Iran ends commitment to nuclear deal following killing of Qassem Soleiman

5 January 2020, 22:05

Iran have said they will not longer be abiding by the 2015 Iran Nuclear Deal
Iran have said they will not longer be abiding by the 2015 Iran Nuclear Deal. Picture: PA

By Kate Buck

Iran has said it will no longer abide by any of the limits of its unravelling 2015 nuclear deal with world powers after a US air strike killed Iranian General Qassem Soleimani on Friday.

It ends an accord that blocked Tehran from having enough material to build an atomic weapon.

The announcement came on Sunday night after another Iranian official said it would consider taking even harsher steps over the killing.

Hundreds of thousands of people flooded the streets in Iran on Sunday to walk alongside a casket carrying the remains of General Soleimani.

Iran's state TV cited a statement by President Hassan Rouhani's administration saying the country will not observe limitations on its enrichment, the amount of stockpiled enriched uranium as well as research and development in its nuclear activities.

The International Atomic Energy Agency, the United Nations watchdog observing Iran's programme, did not immediately respond to a request for comment.

Iran said its co-operation with the IAEA "will continue as before".

Technicians work at the Arak heavy water reactor's secondary circuit in Iran
Technicians work at the Arak heavy water reactor's secondary circuit in Iran. Picture: PA

Meanwhile, Iraq's Parliament voted in favour of a resolution calling for an end of the foreign military presence in their nation, an effort aimed at expelling the 5,000 US troops stationed there over the war against ISIS.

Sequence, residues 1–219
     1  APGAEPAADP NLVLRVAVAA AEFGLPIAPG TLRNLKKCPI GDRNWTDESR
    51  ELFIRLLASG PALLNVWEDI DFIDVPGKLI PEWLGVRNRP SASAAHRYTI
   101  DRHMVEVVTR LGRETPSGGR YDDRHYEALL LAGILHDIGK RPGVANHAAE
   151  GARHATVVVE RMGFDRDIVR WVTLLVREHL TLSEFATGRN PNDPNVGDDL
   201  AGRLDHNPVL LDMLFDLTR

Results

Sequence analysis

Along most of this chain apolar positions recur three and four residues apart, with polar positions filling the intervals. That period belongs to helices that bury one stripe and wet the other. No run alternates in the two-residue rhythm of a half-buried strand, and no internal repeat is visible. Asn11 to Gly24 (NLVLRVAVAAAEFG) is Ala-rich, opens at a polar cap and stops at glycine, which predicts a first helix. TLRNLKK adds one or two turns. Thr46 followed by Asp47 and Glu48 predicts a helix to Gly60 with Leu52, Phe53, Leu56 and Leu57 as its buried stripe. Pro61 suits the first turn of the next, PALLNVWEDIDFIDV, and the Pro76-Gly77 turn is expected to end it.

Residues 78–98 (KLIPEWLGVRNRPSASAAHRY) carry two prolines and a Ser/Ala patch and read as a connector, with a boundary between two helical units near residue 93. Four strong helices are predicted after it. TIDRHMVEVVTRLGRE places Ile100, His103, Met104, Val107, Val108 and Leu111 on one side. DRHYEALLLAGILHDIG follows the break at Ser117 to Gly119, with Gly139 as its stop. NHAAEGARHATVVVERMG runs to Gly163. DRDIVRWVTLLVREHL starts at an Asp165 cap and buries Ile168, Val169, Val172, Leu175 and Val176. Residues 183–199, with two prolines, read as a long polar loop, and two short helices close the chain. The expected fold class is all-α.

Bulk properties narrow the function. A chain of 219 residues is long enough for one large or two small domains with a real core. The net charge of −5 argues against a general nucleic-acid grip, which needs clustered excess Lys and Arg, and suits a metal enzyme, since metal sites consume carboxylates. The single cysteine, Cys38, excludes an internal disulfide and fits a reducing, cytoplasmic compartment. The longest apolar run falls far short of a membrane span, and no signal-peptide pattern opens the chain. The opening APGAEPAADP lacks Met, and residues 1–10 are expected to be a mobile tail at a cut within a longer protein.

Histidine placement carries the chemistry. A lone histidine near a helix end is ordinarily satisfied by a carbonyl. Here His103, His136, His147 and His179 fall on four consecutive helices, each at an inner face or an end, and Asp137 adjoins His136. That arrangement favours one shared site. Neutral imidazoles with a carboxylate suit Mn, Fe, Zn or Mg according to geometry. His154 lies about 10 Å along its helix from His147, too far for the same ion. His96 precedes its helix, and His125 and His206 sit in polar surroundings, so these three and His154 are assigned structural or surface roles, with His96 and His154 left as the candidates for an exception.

General Soleimani's killing has escalated the crisis between Tehran and Washington after months of trading attacks and threats that have put the wider Middle East on edge.

The conflict is rooted in US President Donald Trump pulling out of Iran's atomic accord and imposing sanctions that have crippled Iran's economy.

Iran has promised "harsh revenge" for the US attack, which shocked Iranians across all political lines.

On Sunday evening, more rockets were fired at the US Embassy in Iraq, for the second day in a row.

Just minutes after media reports of the rocket strikes broke US President Donald Trump tweeted the US military 'will quickly & fully strike back,' perhaps disproportionately, if Iran hits a US target.

Thousands in Iran have protested Soleimani's death
Thousands in Iran have protested Soleimani's death. Picture: PA

He said: "These Media Posts will serve as notification to the United States Congress that should Iran strike any U.S. person or target, the United States will quickly & fully strike back, & perhaps in a disproportionate manner.

"Such legal notice is not required, but is given nevertheless!"

Mr Trump's warning also comes after he made a threat to target 52 locations in Iran if Tehran retaliates.

Mr Trump has already deployed 3,000 extra troops to Kuwait and the Royal Navy will accompany UK-flagged ships through the key oil route of the Strait of Hormuz.

The latest explosions came just hours after UK Prime Minister Boris Johnson called Soleimani a "threat to all of our interests."

The Iraq parliament voted today to expel foreign military powers
The Iraq parliament voted today to expel foreign military powers. Picture: PA

Soleimani, the leader of the elite Quds force, was killed in a targeted strike at Baghdad Airport in the neighbouring Iraq in the early hours of Friday morning.

His death has sparked international concerns of unrest in the region, with the US urging its citizens to leave the country as soon as possible.

The day after the attack, a number of co-ordinated attacks were made on the US Embassy in Baghdad and military bases where US forces are based.

No deaths were reported in the strikes, although a number of injuries were suffered.US President Donald Trump claimed strike was done to "stop a war", saying Soleimani "made the death of innocent people his sick passion".